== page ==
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Nieto Senetiner Don Nicanor Blend 2013
Pair with red meat (Argentine traditional asado criollo) , beef empanada, pasta with tomato sauces, grilled or roasted chicken, cassouet, grilled or roast pork and/or soft cheese.
Nieto Senetiner is one of the oldest wineries in Mendoza’s esteemed Lujan de Cuyo, with estate vineyards in the districts of Vistalba & Agrelo, located at 3,000 – 3,500’ elevation. These areas are some of the oldest and most traditional winemaking regions of Mendoza and were the birthplace of the Malbec quality revolution. Nieto Senetiner's wines, including its signature Nieto Malbec, are expressed via the tradition and vision of its three unique estate vineyard sites, each with distinct characteristics. The soft, supple texture of Vistalba, which is over 100 years old and one of the great heritage vineyards in Argentina, the power and elegance of Agrelo, featuring a unique cool climate Bonarda plantation and the unique concentration and structure of extreme high altitude Alto Agrelo.
In addition to showcasing the particular characteristics of each terroir, Nieto also engages in a creative blending process to to showcase the complexity to which Malbec can aspire.
Stretching from the Andes to Patagonia, Argentina's unique terroir lends to high quality wines. Formerly associated with inexpensive bulk wine but dramatically shifting focus from quantity to quality, Argentina is the most important wine-producing country in South America. Certainly excellent values abound here still, but increases in vineyard investment, improved winery technology, and a commitment to innovation since the late 20th century have contributed to the country’s burgeoning image as a producer of great wines at all price points. The climate here is diverse but generally continental and agreeable, with hot, dry summers and cold snowy winters—a positive, as snow melt from the Andes Mountains can be used to irrigate vineyards. Grapes very rarely have any difficulty achieving full ripeness.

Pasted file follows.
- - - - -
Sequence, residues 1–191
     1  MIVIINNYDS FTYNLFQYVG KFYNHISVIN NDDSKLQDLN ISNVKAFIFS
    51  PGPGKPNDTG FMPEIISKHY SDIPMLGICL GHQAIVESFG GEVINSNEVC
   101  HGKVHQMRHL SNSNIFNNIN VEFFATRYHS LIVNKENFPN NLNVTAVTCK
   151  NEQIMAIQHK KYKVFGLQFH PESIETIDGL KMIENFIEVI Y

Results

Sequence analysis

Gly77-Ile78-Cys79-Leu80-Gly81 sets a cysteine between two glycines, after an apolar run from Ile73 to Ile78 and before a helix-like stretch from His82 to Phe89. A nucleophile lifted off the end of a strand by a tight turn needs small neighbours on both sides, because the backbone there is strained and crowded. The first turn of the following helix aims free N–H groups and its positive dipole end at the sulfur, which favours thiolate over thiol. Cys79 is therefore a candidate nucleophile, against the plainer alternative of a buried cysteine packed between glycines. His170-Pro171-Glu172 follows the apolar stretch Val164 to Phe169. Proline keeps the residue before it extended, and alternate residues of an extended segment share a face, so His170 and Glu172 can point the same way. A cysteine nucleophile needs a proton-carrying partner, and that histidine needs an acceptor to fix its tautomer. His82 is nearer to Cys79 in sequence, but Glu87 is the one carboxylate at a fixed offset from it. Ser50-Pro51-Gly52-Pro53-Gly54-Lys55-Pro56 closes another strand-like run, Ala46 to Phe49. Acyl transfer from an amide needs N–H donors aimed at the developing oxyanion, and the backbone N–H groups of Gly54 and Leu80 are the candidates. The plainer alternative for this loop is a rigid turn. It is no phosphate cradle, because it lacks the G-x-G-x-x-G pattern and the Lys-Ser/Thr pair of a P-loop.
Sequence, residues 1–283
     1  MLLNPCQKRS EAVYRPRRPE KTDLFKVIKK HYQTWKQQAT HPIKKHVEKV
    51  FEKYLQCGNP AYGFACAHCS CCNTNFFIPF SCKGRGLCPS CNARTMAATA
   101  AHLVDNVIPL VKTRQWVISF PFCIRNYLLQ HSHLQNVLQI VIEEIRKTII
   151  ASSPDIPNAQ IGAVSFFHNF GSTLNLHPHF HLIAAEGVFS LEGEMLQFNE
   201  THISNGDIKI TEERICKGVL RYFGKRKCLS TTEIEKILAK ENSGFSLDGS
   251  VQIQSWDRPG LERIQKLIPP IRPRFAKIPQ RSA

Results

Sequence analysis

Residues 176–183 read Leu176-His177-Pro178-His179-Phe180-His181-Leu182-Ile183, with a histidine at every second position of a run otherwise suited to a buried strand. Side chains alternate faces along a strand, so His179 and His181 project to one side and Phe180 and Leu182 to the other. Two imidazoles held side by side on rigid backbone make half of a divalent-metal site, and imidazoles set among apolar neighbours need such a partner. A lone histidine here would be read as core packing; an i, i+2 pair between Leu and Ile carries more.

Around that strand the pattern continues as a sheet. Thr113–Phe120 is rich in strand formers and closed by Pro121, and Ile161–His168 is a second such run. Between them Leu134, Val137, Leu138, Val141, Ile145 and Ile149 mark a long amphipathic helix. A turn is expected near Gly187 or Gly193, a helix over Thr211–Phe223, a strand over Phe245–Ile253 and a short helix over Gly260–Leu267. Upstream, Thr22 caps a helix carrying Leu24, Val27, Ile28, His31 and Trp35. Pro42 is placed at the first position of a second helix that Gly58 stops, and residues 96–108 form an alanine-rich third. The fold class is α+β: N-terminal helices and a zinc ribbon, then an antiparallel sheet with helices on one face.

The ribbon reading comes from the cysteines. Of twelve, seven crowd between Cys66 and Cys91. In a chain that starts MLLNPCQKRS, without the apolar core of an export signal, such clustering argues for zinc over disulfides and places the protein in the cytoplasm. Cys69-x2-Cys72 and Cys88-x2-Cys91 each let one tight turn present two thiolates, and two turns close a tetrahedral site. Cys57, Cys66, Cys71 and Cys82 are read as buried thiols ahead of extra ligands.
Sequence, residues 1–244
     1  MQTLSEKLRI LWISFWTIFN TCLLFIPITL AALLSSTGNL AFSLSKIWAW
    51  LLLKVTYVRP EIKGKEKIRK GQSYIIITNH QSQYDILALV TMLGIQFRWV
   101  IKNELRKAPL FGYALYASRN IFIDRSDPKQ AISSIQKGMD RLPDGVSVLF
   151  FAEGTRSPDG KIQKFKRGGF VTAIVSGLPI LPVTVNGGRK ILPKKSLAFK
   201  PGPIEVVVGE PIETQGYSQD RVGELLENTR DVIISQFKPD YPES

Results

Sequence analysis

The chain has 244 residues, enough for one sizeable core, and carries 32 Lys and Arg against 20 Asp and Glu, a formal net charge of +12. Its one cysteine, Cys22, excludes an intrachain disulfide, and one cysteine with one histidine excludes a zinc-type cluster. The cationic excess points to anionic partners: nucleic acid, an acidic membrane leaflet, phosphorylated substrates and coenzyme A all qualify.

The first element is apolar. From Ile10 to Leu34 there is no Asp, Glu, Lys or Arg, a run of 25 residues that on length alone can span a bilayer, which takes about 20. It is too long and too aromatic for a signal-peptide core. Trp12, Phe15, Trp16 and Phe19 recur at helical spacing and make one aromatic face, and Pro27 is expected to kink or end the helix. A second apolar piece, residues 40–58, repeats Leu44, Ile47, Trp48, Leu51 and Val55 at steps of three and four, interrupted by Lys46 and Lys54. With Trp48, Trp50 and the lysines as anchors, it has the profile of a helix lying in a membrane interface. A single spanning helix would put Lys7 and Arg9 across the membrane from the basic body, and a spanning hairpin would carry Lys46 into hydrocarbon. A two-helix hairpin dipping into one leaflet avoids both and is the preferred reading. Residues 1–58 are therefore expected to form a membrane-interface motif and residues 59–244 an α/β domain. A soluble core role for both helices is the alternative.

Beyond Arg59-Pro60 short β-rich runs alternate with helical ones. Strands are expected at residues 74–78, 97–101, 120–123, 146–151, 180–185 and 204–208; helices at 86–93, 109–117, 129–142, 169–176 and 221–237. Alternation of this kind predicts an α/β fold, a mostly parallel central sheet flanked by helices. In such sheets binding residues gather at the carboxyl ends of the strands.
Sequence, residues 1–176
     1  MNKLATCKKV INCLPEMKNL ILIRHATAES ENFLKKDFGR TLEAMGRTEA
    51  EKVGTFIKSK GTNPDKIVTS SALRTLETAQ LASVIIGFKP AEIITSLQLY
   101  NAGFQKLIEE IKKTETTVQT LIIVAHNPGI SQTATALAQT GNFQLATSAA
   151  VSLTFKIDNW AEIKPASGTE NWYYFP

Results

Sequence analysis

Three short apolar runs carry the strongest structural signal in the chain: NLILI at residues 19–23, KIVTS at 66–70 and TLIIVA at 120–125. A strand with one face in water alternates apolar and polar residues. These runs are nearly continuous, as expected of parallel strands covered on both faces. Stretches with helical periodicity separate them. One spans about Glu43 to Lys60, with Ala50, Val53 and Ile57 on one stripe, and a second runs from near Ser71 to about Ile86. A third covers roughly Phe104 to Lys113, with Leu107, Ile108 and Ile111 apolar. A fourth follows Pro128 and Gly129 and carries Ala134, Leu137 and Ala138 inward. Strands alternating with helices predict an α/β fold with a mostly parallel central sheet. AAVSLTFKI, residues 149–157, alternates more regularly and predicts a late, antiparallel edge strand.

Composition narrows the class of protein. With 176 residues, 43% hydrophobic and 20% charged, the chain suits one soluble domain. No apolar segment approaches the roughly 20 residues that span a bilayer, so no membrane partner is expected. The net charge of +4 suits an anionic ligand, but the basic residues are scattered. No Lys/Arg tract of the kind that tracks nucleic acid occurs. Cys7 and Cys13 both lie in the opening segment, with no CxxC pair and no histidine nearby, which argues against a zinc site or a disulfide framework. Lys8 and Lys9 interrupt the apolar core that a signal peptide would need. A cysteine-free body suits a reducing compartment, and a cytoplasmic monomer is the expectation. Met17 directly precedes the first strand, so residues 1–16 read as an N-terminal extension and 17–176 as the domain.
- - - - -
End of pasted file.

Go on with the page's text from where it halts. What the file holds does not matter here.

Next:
Mendoza, a large and famous region responsible for more than 70% of Argentina’s wine production, is further divided into several sub-regions, including Luján de Cuyo and the Uco Valley. Red wines dominate here, especially Malbec, the country’s star variety, while Chardonnay is the most successful white. The province of San Juan is best known for blends of Bonarda and Syrah. Torrontés is a specialty of the La Rioja and Salta regions, the latter of which is also responsible for excellent Malbecs grown at very high elevation.
With hundreds of red grape varieties to choose from, winemakers have the freedom to create a virtually endless assortment of blended wines. In many European regions, strict laws are in place determining the set of varieties that may be used, but in the New World experimentation is permitted and encouraged. Blending can be utilized to create complex wines with many different layers of flavors and aromas, or to create more balanced wines. For example, a variety that is soft and full-bodied may be combined with one that is lighter with naturally high acidity. Sometimes small amounts of a particular variety are added to boost color or aromatics. Blending can take place before or after fermentation, with the latter, more popular option giving more control to the winemaker over the final qualities of the wine.